SHNS, Boston, (WWLP) – “Super” wound up not being the superlative to describe Elizabeth Warren’s night on Tuesday as a resurgent Joe Biden carried not just Massachusetts, but 10 of the 14 contests on the biggest voting night of the primary season.
Finishing no higher than third anywhere on the map had to hurt, but finishing third in one’s home state – behind Vermont Sen. Bernie Sanders as well – must have really stung.
By Thursday, Warren’s campaign for the White House was over, and on Beacon Hill there were many glum supporters wondering how it went south for the woman with a plan for everything.
Warren, at a press conference outside her Cambridge home with her husband Bruce and dog Bailey, said she thought she could create a lane for herself between Sanders on the left and Biden in the center.
“I was wrong,” she said.
While she didn’t immediately endorse like Pete Buttigieg and Sen. Amy Klobuchar had when they dropped out, Warren promised that she had not been heard for the last time.
“I may not be in the race for President in 2020, but this fight — our fight — is not over. And our place in this fight has not ended,” Warren told staffers on a call before she faced the cameras.
Warren’s campaign had a mantra: “I have a plan for that.” That playbook included a tax on the ultra wealthy. Here in Massachusetts, state Democratic leaders are looking to tax just the plain old wealthy.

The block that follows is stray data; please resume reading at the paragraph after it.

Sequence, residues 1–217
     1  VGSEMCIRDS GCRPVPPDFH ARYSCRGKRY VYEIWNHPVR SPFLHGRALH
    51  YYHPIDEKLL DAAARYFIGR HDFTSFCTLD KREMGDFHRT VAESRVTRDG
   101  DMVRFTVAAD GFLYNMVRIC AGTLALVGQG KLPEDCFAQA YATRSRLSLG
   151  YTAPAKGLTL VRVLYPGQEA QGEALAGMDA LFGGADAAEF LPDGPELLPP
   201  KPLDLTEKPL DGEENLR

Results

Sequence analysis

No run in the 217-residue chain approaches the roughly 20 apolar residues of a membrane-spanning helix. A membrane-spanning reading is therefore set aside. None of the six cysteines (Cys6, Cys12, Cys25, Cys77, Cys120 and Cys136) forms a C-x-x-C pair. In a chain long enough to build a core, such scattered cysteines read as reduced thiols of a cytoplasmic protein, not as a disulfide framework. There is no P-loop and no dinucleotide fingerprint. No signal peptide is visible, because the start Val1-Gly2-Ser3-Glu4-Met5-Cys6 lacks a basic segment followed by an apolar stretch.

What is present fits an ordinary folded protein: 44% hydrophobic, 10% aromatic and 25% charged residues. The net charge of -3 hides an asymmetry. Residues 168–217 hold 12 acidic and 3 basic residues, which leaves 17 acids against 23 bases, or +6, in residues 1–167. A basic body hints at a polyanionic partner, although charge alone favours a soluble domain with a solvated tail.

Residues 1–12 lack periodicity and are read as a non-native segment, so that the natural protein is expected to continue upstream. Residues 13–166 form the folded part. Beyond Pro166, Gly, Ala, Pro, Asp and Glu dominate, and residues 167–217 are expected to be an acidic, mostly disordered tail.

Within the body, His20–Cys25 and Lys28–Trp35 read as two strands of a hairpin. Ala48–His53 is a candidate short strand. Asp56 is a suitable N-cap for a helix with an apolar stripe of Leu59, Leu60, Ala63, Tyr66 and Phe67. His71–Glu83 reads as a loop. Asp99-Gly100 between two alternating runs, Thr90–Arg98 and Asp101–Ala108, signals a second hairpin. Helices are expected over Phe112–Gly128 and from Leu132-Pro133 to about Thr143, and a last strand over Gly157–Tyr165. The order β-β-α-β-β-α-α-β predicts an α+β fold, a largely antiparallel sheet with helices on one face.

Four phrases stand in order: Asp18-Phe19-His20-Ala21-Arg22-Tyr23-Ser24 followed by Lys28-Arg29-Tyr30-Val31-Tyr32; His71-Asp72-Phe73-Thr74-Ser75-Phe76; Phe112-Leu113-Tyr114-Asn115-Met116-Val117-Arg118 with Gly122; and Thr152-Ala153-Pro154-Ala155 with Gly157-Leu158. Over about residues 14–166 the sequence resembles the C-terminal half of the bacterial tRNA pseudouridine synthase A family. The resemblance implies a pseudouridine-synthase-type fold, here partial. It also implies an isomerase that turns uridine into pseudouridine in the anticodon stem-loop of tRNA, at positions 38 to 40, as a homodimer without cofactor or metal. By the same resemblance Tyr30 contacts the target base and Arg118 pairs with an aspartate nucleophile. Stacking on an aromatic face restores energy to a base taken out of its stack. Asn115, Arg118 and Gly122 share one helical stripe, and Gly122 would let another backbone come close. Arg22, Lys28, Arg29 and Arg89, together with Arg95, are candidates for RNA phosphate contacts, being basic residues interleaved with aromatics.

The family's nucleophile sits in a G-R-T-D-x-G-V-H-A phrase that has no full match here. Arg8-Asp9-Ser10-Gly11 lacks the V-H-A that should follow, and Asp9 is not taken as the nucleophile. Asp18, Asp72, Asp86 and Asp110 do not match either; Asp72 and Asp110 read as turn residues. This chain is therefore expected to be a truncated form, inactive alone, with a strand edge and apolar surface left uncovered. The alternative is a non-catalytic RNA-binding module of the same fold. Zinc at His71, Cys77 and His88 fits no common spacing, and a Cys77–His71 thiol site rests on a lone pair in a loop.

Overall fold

But before that can happen, House Speaker Robert DeLeo has set about building a “bridge” to the “millionaires tax” that he hopes to help put on the ballot in 2022. That bridge rests on a foundation of gas, diesel, and corporate tax hikes, as well as increased Uber and Lyft fees.
The long-awaited tax bill hit the floor Wednesday, and leadership rebuffed Republican attempts to make the bridge a temporary one, proposing to sunset the gas and other tax hikes if and when the surtax on household income above $1 million becomes law.
That didn’t happen, but what did was a veto-proof vote in the House in an election year for a tax package worth as much as $612 million. The money, lawmakers like Rep. Aaron Michlewitz said, was not a luxury but a necessity to deliver the type of transportation system residents expect.
The revenue bill made it palatable a day later for House leadership to let members pad a $14.5 billion, 10-year transportation borrowing bill with close to $3.8 billion in additional spending, including some items Gov. Charlie Baker had criticized the House for leaving out of its original bill.
Baker has repeatedly insisted that his $18 billion bond bill was affordable without new taxes, and produced a four-page presentation, shared with the News Service, that the administration said proved it.
But the House wasn’t buying.
“The responsible and financially prudent thing is what the House is doing,” said Rep. William Straus, the House chairman of the Transportation Committee.
He told his colleagues on Thursday that because of the “difficult” vote many of them took the night before, the state could afford to spend at the levels Baker wanted, but only because of the new revenue.